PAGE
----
Laura began. “So. Obviously I’m not a literary critic or academic reader like some of you here, but this is how I feel about it. Crime and Punishment. Sonia. It’s pretty obvious we’re meant to see her as some sort of saint, but, basically, she’s a cliché—the good-hearted prostitute, an innocent who sacrifices herself to save the family from her father’s drunkenness and her mother’s madness, degrading herself to help others. Everyone comments on her name being Sophia and how that’s meant to connect her to divine wisdom and I didn’t miss the clue about the thirty silver pieces she brings back after her first night on the streets. What Tamsin was saying about her being associated with the colour green was new to me, but I can easily accept that maybe that was deliberate on Dostoevsky’s part …”
“I’m sure it was,” I interrupted, though quietly. Laura carried on regardless.
“And, of course, she reads the raising of Lazarus story … she actually speaks Christ’s words … but that whole scene … what can I say? It’s too much, too intense, too melodramatic, almost a kind of peep-show: prostitute reads Bible to murderer—Oooh! Shock! Thrill! He confesses: she understands (of course) and accepts (of course) and even has to follow him to Siberia (of course). Well, that’s a great outcome for her, especially when she she flips from being sacrificial victim into the Virgin Mary, a ‘little mother’ to all the prisoners. She is perfect, of course—a perfect embodiment of male fantasy, sexual and pure, both at the same time, asking no questions, just waiting and serving.”
“Quite a charge sheet!” declared Martin.
“Seems about right,” added Carl drily.
“Who’s going to defend Dostoevsky?” asked Martin, looking from me to Tamsin.
“Surely you are, Martin” Laura answered. “You seem very keen on self-sacrifice?”
“I am, I don’t deny it. And I suppose I’d be happy to see her as some kind of Saviour figure, a co-redemptrix, if you like—OK, you probably don’t” he said quickly, seeing the expression on Laura’s face. “But without getting too Catholic about it” (a nod towards Carl), “isn’t it important … isn’t it necessary sometimes to surrender our own goals, our own good for the sake of others, for our families, for the people we’re in love with …”
“Of course. Every parent knows that.” said Laura. “The problem—my problem—is that it’s one-way traffic. She gives everything up for him. What does he do for her? Apart from having killed her friend, he torments her and drags her off to Siberia … And she’s only able to get back on her feet because of the money left by Svidrigailov, nothing to do with Raskolnikov. Without that money—guilt-money—she and her family would just have gone to the wall.”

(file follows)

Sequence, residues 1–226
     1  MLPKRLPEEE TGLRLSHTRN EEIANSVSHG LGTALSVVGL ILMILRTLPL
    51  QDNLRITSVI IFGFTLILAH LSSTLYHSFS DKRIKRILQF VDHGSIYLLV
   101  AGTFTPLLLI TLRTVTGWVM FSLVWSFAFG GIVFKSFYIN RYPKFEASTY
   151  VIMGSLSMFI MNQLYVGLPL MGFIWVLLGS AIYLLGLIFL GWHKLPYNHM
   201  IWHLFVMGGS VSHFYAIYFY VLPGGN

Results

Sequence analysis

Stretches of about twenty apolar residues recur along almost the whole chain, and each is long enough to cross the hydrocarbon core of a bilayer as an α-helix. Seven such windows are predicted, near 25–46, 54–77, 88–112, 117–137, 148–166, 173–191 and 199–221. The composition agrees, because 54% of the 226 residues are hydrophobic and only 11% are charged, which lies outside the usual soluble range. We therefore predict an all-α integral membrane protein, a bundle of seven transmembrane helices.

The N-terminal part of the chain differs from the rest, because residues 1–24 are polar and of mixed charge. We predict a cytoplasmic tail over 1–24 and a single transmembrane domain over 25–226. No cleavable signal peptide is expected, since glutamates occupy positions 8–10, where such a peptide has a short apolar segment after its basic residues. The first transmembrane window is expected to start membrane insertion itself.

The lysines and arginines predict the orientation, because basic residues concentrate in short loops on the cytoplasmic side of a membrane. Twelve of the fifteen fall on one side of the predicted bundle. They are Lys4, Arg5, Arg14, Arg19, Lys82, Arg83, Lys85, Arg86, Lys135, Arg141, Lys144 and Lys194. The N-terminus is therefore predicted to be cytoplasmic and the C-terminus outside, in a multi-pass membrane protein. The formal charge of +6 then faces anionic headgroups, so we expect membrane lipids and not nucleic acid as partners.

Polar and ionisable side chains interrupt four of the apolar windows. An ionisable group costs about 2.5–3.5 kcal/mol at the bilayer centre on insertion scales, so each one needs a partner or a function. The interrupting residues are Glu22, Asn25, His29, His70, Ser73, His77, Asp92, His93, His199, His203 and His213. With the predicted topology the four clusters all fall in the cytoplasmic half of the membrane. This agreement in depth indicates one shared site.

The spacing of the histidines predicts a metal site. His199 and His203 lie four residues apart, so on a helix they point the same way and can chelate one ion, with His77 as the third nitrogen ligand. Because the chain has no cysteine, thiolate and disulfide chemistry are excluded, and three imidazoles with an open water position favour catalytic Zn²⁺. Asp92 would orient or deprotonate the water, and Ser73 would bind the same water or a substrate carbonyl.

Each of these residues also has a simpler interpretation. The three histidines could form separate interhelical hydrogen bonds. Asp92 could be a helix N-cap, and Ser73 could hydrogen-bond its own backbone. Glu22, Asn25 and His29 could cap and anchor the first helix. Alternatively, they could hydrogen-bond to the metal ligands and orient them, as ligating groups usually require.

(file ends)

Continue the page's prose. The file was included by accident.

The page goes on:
“Yes, but …” I started. Laura looked at me warningly. I carried on. “Yes, but he did one thing, one very important thing: leaving out the fact that he gave money for her father’s funeral, he saw her as a person, as his equal, and defended her against being set up as a thief. Surely that counts for something.”
Laura gave a kind of sideways nod as if thinking about it.
“Maybe. That’s all true. But leaving Raskolnikov out of it, the best Dostoevsky could let her do was to give everything up and follow him so that, through her, he could be saved.”
“But that is Christ!” interjected Martin.
“I don’t doubt it—but how is it that since him, it’s only ever been women who’ve had to do the sacrificing?”
Tamsin had been listening closely.
“Laura,” she said, very deliberately, “two things. Firstly, she loves him. And,” she smiled, “remember he’s described as being exceptionally good-looking, even if he’s completely dirty (rather like Martin was when I first met him).”
“Love seeks not its own.”
“Thank you, Martin, don’t distract us with your pious quotations” (Martin pretended to look offended: this was clearly an ongoing theme). “And, second, going to Siberia isn’t all loss to her, because she becomes someone there. Instead of being on the streets and despised by everyone, she becomes someone who’s looked up to and respected. And, finally, she gets him to love her. She gets what she wants!”